There are various pictures portraying animals and humans, and even an alien with a triangular head. I see a shaman, a fish, a dugong, a shark and a crocodile, a couple of people, and hands. There are two hands, one of which has six fingers. I don’t know if the artist made a mistake or whether he was symbolising someone with an extra digit. The paintings are red and black in colour, the red comes from the bark of a tree and the black from squid ink.

The cave chambers go through a hill and let in enough daylight to make a torch unnecessary. However, a torch comes in handy for seeing some of the paintings hidden in alcoves. From the back entrance, there is a good view over the mangroves to the coast, with lots of limestone hills jutting up. There are lots of shells littering the floor of the cave, probably left over by ancient cavemen picnicking there!

It is hard work paddling back to the jetty for lunch, as we are paddling against the wind and the river has become quite choppy. However, the food is worth the effort — fresh seafood, Thai curries and soups, followed by platefuls of fresh fruit. It is tempting to overeat, but we have to make sure we can paddle for the afternoon session.

This time, we paddle upriver to the next cave, again called Tham Lod. Every other cave in Thailand has this name, which is about as imaginative as Dark Cave or Bat Cave! But unlike the earlier Tham Lod, this one is dark, due to a bend which prevents daylight from penetrating. We come out into a beautiful wang or hidden valley. It is circular and surrounded by high cliffs. I notice some ancient cycads high above, these are primitive palm-like plants, a relict from the Jurassic era. During the age of the dinosaurs, the cycads were the most prevalent plants on Earth. One of the reasons why cycads have survived all this time is that they can grow in very harsh conditions, such as on dry rock faces. They can often be seen clinging to sheer limestone cliffs.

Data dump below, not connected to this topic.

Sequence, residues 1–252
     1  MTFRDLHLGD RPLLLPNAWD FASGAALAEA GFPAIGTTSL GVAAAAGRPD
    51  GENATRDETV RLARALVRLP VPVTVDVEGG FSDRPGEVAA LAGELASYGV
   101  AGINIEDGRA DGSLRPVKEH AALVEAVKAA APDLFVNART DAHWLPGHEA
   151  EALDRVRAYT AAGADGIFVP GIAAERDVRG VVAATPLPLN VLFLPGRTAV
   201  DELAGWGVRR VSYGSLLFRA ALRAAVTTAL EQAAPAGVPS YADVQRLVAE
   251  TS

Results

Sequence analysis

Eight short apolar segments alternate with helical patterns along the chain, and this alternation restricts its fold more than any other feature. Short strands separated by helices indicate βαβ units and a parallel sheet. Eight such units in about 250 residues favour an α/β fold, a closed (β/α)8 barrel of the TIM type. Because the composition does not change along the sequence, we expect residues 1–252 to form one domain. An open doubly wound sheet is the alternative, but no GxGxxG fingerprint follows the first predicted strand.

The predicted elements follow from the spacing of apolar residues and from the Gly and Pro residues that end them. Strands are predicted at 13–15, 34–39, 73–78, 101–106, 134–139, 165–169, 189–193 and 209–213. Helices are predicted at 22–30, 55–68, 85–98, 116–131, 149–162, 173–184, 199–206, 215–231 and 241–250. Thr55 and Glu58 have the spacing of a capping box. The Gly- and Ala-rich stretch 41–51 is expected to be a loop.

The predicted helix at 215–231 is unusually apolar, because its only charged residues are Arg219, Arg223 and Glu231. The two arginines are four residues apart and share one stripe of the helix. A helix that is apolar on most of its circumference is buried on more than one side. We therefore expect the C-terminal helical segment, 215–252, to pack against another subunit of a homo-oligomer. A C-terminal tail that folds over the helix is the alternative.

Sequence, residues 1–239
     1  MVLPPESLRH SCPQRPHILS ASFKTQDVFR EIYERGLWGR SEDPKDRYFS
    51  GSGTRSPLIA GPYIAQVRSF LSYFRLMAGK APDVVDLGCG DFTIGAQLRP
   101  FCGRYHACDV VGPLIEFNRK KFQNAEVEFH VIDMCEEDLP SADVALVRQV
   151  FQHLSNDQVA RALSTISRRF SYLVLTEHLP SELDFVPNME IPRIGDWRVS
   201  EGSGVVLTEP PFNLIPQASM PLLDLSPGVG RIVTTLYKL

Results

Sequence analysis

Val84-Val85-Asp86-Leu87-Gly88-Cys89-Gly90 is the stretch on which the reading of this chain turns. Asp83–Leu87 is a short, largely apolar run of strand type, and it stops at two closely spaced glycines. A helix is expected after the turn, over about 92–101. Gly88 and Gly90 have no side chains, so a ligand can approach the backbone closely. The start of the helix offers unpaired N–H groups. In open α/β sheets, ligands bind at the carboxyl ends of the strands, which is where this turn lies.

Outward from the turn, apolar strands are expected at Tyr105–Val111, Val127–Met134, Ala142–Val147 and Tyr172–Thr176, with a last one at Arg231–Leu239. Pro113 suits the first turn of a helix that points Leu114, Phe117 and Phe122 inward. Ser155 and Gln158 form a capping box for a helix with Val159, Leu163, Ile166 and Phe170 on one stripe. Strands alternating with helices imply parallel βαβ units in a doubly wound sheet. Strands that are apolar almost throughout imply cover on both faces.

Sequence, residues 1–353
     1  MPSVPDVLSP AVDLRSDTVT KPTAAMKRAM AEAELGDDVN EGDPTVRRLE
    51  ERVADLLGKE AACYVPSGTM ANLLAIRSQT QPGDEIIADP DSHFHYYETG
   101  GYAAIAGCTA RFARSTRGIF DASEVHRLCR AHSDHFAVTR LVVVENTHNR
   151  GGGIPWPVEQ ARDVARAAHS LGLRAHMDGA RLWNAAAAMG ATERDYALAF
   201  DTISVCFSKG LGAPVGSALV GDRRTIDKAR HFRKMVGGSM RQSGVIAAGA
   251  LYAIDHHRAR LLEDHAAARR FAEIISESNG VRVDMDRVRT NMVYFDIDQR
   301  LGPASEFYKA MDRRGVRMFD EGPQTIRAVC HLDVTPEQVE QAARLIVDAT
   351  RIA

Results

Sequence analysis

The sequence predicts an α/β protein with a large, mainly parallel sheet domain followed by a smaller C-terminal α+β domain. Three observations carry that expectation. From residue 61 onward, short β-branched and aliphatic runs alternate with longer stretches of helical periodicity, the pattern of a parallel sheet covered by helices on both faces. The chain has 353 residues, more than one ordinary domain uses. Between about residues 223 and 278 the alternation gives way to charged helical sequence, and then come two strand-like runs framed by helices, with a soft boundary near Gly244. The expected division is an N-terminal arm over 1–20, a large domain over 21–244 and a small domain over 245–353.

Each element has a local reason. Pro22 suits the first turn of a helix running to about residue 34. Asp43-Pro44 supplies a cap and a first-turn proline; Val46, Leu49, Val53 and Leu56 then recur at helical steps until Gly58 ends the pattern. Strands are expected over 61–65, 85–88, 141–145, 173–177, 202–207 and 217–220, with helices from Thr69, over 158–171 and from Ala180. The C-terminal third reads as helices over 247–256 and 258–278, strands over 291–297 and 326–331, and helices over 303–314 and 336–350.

The only way back is through the cave. We spend the rest of the afternoon paddling through the mangroves and visiting other cave tunnels. On the drive back to Krabi, we drop by a beautiful stream near Thapom. The King and Queen recently visited the site, hence the plank walk leading to the pool. There is a beautiful clear stream which comes from a spring about 1km away. Mangrove roots which look like snakes, entwine along the banks. We jump into the water to wash off the sweat from the day, the water is really cold, but invigorating.

Sea canoeing is also very popular in Phuket. There are many accessible islands to explore and the coastline itself is stunning with sheer cliffs, dropping right down to sea level. The main feature of the islands is the hongs. These are deep open-roofed chasms with vertical sides, only accessible by paddling through the tunnels at low tide. Inside the hongs are giant mangroves, vegetation-covered walls, monkeys and other wildlife. It is like being in a lost world.

Gray was the first to introduce them to the tourist world. The locals, of course, have known about these sites for a long time, and have collected birds’ nests from within the caves. Ko Hong or Hong Island, off Phang Nga is one of the most visited islands, in the centre of which is a hidden lagoon.

The beauty of exploring the area by canoe is that you can go as part of a tour group, or just as an individual, depending on your preference. Many people just rent a canoe for a day and spend the time paddling around the coast exploring all the nooks and crannies. It is time well spent.

SeaCanoe International has offices in Krabi, Ao Nang and Phuket, and can be contacted at Their website is E